Courtesy RenderingRecent rendering of the 1979 Mission St. housing development.

Courtesy RenderingRecent rendering of the 1979 Mission St. housing development.

Mission developer reveals plan for below-market-rate units

A housing project proposed near the 16th Street BART station expanded its tenancy options for middle- and low-income people, calling the proposal a first of its kind for San Francisco.

In a statement Wednesday, representatives for the 1979 Mission St. project said one-third of the proposed 10-story apartment building — often referred to as the “Monster in the Mission” — would be designated as below-market-rate housing, with 41 “middle-class homes” offered for sale. Revenue from those sales would then go to building 49 apartments for rent to those making 30 to 55 percent of the area's average median income.

The 41 homes would be the only units for sale in a building of 290 rental apartments. They would be priced between $280,000 and $350,000 for households earning more than $61,000 a year but less than $145,650. These funds would then be reinvested by the developers to build the other below-market-rate apartments.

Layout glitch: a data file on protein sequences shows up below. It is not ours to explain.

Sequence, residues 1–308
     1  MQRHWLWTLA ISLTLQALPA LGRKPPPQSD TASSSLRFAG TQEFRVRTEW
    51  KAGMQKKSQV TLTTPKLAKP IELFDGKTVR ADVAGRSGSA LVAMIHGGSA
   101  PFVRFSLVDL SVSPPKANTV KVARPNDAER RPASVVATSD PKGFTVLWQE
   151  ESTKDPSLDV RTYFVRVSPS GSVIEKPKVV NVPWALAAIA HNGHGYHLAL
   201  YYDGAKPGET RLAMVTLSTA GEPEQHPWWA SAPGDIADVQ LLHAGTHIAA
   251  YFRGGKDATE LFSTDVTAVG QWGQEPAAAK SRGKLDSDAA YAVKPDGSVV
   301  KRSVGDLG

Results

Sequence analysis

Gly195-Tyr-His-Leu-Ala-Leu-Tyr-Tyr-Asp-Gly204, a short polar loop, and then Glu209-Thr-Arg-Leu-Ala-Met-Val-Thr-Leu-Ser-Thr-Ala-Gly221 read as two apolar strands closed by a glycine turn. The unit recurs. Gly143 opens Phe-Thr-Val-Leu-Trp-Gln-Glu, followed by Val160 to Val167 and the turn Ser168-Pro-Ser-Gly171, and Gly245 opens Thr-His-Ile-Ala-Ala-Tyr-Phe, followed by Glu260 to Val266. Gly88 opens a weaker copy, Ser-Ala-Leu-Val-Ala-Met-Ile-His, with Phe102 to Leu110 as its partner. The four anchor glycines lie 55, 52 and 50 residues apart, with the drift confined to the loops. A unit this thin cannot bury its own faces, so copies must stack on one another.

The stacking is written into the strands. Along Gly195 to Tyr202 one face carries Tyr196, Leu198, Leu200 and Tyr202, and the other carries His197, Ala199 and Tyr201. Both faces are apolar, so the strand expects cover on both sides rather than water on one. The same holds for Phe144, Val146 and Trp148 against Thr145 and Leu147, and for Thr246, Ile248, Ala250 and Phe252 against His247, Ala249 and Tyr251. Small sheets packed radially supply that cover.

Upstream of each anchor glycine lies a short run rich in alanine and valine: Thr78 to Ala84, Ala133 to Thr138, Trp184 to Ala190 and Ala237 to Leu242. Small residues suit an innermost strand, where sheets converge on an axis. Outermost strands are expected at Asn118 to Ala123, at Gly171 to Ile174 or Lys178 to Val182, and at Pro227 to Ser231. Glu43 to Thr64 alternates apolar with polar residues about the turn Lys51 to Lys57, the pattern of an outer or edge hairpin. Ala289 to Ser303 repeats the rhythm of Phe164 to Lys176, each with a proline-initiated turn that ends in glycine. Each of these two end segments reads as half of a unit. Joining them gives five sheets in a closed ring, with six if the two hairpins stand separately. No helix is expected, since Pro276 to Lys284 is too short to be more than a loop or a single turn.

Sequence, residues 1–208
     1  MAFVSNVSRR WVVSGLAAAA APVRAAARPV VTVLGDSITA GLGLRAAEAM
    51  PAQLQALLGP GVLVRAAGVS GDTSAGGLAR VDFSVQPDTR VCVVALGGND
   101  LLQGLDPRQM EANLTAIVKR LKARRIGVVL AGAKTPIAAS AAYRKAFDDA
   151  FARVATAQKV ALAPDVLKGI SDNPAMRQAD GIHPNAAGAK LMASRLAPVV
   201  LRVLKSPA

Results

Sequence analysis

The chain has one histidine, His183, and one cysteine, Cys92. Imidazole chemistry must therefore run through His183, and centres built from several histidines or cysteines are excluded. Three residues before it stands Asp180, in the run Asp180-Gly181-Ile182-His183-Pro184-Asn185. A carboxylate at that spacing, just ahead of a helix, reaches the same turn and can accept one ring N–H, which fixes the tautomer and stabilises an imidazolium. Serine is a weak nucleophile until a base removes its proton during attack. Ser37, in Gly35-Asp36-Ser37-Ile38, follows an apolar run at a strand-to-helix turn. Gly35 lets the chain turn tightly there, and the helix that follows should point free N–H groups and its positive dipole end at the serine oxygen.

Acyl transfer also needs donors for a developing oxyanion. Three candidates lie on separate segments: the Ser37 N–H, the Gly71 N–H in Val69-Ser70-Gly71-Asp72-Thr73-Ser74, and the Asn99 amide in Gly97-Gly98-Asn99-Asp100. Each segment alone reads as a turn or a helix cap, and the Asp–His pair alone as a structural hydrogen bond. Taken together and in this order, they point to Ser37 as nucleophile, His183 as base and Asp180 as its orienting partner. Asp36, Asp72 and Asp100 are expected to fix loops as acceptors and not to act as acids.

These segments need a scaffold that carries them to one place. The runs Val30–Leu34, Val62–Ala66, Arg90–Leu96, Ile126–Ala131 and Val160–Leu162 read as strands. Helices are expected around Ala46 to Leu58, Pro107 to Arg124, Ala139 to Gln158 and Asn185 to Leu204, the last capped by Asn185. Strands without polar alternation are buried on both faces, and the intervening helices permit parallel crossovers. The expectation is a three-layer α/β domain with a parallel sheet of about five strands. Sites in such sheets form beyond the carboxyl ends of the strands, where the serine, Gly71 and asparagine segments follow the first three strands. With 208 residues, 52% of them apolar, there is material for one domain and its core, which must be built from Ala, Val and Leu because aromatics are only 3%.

The below-market-rate rental studios would be rented to individuals earning less than $20,400, while Households making under $53,400 annually would qualify for three-bedroom apartments at $1,335 a month. Studios would rent at $510 per month for singles making less than $20,400 a year.

The project also includes a commercial space developers dubbed a Mercado, where “local neighborhood serving businesses and artists will have new opportunities to sell their food and products,” the statement said.

16th Street BART Plaza1979 MissionBay Area Newsbelow market rate housingdevelopmentPlanning

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